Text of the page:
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NatGeo: UC biologist talks about how snakes 'fly'

Biologist Bruce Jayne is studying the locomotion of the slithery serpents in his UC lab

University of Cincinnati biologist Bruce Jayne talked to National Geographic about the incredible way some tree snakes can "fly" from tree to tree.

Jayne, a professor of biological sciences in UC's McMicken College of Arts and Sciences, has been studying the four identified means of snake locomotion, which include sidewinding and the typical serpentine motion.

But some snakes have pushed these skills to extremes to sail through the air from treetop to treetop in the forest canopy while hunting or eluding predators. Scientists have identified five species of "flying" snake in Asia. They flatten their bodies to improve lift while they sail as far as 300 feet through the air, according to National Geographic.

"Really, how special is this ability in flying snakes?" Jayne asked the magazine. "If we look at their close relatives, can we actually see some precedents for their behavior? Maybe the flying snakes are just sort of at one end of a continuum."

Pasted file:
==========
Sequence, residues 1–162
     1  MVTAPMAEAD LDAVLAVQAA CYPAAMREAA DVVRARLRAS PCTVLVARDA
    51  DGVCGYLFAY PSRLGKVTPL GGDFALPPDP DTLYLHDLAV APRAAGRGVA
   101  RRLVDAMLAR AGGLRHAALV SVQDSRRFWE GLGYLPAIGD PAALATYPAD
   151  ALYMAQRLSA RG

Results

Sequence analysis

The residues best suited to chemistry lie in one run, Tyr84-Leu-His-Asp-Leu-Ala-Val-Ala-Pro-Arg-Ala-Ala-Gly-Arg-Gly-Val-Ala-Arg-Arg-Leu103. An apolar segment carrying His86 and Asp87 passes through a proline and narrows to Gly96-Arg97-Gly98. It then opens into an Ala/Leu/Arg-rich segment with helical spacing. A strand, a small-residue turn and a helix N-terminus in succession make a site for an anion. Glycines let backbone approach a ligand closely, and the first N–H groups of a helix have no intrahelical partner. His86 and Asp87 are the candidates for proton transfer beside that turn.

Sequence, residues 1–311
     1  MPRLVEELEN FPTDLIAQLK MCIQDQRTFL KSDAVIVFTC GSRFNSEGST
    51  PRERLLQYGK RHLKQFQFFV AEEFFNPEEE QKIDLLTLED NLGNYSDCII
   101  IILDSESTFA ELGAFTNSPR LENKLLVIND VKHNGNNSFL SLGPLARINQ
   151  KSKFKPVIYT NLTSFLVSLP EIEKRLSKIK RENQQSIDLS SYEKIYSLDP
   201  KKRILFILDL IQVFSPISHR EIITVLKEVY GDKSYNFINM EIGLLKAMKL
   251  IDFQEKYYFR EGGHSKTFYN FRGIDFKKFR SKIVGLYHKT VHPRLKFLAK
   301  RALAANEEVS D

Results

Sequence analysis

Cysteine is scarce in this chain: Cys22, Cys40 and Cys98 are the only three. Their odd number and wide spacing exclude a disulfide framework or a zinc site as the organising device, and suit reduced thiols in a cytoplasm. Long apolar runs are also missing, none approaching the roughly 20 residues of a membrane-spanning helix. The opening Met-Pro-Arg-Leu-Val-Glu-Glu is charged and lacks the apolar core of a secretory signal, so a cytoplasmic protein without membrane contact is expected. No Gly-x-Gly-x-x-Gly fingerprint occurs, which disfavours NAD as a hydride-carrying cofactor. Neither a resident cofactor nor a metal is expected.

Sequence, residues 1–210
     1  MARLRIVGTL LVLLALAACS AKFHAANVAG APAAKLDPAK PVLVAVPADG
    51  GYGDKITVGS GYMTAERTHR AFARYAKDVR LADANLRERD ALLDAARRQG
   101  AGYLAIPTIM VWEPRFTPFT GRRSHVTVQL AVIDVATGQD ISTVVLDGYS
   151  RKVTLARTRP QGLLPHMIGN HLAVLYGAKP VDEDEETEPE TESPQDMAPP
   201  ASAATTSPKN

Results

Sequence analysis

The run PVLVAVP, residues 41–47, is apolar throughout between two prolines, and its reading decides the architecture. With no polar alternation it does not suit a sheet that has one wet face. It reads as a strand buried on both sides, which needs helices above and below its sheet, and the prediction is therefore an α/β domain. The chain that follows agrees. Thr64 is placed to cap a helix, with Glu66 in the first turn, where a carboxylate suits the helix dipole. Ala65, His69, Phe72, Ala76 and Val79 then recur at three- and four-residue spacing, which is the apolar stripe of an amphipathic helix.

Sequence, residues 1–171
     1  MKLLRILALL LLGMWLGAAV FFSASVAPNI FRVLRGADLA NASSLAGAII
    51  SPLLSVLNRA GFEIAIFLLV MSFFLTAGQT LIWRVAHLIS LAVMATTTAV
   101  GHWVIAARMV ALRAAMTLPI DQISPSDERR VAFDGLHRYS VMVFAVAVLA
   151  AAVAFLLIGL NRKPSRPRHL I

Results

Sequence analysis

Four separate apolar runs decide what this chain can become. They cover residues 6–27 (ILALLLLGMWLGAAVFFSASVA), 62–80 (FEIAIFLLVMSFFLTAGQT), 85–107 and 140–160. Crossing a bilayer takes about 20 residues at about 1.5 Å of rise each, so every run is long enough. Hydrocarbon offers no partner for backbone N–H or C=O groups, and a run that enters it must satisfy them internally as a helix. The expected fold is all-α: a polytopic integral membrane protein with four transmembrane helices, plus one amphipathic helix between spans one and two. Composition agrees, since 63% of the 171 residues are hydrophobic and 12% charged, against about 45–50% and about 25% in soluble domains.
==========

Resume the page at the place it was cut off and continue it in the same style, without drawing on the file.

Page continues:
Jayne has been studying the marvelous locomotive abilities of brown tree snakes, which are extremely adept climbers. These invasive snakes are believed to have island hopped to new territory such as Guam by using their incredible climbing skills to stow away on cargo planes and boats.

Featured image at top: UC biology professor Bruce Jayne uses a snake hook to move a brown tree snake in his lab. Photo/Joseph Fuqua II/UC Creative Services

Bruce Jayne holds a a tiny green vine snake.

UC professor Bruce Jayne, holding a vine snake in his lab, is unlocking the surprising abilities of reptiles. Photo/Joseph Fuqua II/UC Creative Services

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